As I’ve written this series, I’ve found it necessary to achieve a tenuous balance in my recommendations and recountings of the horror which has impacted me as a reader and writer. I’ve bounced a lot between the descriptions “fun and fast-paced” and “literate and full of substance.” The truth of the matter (as I’ve come to discover it) is this: good fiction and, even more importantly, a good reading diet, shouldn’t ever cater to one end of the spectrum exclusively. Stories should move us emotionally, they should make us ponder the world around us, our existence, and life in general. They should say something about the human condition.
However, they should also be fun, exciting, entertaining, and suspenseful. Fiction should provide us with some sort of temporary escape from our lives. I saw an interview once in which Stephen King said the highest compliment he could be paid would be that his fiction made someone late for work, or made them burn dinner, or fall behind on the laundry, simply because they couldn’t stop reading it.
It’s important to note that everything I say should be taken with a grain of salt, too. Maybe a truckload. There are far wiser folks out there who have read more horror than I have; who have read more fiction than I have, period. I’m by no means an expert, nor can I point to a long or distinguished writing career to buttress my credibility. I just love to read, and I know that what moves me is hardly ever just one kind of story, and the same goes for the type of fiction which has impacted me as a writer.
In any case, it seems very appropriate for me to offer a series which has impacted me greatly, a saga which offers the best of both worlds: excitement, suspense, and substance, by the truckload: The Repairman Jack Saga, courtesy of F. Paul Wilson.
When I met Paul at my first stint at Borderlands Press Writers Bootcamp, he—like so many other authors at that time—was just a name I’d heard, usually in this context: “Have you read The Repairman Jack novels, by F. Paul Wilson?” I even had a Repairman Jack novel at home, (Gateways, I think), which I’d randomly ordered off Amazon after someone had once again asked me that question. But, as I saw it was several books down in the series, I shelved it and sort of forgot about it for a few years.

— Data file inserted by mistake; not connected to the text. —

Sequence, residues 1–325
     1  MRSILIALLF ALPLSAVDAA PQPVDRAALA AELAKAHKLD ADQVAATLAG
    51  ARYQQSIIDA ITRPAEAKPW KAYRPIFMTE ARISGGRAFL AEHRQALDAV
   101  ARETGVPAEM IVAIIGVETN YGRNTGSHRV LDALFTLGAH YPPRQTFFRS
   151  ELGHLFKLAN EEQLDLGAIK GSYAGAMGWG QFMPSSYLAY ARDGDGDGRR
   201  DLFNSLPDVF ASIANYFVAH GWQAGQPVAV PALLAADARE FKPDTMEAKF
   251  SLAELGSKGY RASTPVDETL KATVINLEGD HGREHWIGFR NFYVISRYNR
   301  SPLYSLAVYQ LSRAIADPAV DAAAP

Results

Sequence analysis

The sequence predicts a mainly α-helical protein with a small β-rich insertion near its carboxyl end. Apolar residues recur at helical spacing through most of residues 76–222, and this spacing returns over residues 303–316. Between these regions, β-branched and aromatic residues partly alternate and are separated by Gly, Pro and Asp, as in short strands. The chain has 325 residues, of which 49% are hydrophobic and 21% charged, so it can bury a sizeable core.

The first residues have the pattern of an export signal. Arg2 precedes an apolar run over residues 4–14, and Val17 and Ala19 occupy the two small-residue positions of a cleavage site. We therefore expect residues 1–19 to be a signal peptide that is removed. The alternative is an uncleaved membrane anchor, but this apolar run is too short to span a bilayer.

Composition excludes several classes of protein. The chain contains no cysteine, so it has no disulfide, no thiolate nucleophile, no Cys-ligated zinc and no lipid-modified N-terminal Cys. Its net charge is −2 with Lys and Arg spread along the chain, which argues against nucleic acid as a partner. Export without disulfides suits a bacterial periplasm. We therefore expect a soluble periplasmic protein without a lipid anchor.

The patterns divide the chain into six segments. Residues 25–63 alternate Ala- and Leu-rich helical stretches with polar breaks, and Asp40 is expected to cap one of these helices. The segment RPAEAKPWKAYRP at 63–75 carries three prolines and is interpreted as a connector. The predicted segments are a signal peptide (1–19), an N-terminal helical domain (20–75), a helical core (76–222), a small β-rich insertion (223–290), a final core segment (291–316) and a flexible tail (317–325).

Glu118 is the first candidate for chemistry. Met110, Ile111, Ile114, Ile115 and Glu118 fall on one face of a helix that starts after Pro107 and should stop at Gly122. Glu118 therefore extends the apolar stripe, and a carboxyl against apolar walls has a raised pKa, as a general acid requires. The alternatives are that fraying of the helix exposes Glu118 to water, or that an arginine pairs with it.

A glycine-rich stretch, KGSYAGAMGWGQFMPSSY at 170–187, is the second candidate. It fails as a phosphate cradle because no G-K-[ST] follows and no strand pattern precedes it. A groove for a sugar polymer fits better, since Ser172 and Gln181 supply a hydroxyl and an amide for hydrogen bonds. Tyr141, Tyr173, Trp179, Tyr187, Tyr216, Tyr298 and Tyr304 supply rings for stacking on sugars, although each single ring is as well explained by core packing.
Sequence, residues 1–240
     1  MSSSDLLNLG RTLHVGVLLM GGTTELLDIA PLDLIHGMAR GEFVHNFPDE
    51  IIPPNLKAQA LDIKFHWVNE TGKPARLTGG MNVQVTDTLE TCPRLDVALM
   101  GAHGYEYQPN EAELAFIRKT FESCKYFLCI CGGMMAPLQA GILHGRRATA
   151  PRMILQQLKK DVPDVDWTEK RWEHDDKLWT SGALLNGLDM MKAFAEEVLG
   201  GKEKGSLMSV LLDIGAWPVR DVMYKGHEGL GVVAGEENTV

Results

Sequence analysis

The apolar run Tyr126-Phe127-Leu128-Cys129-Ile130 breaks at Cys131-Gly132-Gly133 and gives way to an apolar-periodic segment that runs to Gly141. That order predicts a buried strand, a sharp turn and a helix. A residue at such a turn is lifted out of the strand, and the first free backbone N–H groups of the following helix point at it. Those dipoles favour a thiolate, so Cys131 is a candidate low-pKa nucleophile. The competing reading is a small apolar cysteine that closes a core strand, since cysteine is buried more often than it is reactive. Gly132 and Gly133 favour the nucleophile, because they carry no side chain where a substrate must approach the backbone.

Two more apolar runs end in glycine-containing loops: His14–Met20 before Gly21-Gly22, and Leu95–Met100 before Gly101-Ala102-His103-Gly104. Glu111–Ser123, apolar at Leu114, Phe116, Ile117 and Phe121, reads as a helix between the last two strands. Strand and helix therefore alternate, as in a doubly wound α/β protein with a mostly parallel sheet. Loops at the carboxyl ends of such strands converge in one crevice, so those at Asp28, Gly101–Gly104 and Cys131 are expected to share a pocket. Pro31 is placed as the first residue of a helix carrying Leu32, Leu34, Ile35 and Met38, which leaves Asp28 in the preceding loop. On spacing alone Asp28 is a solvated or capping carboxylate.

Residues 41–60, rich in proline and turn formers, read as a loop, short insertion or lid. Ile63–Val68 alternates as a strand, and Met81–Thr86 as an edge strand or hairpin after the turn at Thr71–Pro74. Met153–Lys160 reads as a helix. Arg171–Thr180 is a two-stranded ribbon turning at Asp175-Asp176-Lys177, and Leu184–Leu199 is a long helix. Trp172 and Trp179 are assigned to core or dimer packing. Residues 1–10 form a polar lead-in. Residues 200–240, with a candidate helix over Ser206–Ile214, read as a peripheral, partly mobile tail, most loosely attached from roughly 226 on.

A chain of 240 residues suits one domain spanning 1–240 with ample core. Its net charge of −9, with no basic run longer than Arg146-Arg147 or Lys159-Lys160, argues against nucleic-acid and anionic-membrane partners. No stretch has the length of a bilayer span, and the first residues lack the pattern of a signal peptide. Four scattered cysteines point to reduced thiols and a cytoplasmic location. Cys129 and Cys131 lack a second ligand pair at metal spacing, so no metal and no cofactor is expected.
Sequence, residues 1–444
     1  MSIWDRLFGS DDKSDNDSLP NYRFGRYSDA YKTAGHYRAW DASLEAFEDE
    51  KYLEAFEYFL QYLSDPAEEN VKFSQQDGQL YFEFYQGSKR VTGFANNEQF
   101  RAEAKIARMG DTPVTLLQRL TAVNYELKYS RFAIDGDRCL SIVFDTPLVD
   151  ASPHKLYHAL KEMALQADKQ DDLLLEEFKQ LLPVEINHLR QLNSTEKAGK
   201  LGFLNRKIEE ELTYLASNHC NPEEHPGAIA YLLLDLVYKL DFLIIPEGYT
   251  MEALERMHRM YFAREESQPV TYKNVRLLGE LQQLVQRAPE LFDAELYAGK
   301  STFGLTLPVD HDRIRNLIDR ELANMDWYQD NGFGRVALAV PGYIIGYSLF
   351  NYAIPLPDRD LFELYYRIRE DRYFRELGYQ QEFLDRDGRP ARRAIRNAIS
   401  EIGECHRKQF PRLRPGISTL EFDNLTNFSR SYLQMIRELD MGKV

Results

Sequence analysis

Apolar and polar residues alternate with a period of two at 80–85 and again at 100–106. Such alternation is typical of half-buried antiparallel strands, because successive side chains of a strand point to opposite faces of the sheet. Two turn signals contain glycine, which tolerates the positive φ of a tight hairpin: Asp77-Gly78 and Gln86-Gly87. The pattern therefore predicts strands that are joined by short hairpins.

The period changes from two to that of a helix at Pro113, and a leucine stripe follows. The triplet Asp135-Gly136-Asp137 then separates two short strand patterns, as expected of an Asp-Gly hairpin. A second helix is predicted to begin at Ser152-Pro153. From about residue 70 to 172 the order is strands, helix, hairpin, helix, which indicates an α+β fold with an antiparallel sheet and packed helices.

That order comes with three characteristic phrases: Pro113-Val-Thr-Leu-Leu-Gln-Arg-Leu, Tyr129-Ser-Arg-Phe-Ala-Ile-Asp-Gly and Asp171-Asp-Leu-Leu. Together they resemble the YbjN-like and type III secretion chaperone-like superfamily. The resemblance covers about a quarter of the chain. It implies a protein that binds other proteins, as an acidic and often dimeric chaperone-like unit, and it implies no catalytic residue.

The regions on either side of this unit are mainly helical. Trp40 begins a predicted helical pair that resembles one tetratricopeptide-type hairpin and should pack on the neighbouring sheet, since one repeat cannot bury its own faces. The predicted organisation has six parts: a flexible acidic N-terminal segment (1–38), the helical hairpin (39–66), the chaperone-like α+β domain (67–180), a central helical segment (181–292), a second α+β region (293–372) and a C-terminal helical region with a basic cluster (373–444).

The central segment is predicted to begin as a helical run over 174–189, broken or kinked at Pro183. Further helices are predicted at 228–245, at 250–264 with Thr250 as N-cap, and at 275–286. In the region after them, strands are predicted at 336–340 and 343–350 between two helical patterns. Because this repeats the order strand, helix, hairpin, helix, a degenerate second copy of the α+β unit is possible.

Until I attended Boot Camp. Until I experienced first-hand his instruction and knowledge. The questions he asked me about plot and character made me re-write a story, which led to selling it to an installment in the Horror Library anthology series, which was a milestone for me. Of course I was going to go out and read him!
Subsequently, he became the first author I ever binge-purchased off Amazon, and because I had come to Repairman Jack fairly late, I was able to read every single Jack novel, one right after the other. It still stands as one of my most enjoyable reading experiences ever, one I’m pretty sure I’ll undertake again soon, now that I own them all.
What initially intrigued me was Paul’s off-hand comment in one of the Borderlands sessions that he lucked out in his creation of Jack, because each book could be just about any genre—the center of which revolved around a character he could continue to refine and develop. I thought the idea genius, because the way Paul explained it, one novel could be a ghost story, another more science fiction, another a heist novel…it didn’t matter. Each novel’s genre depended on the adventure Jack was having at the time.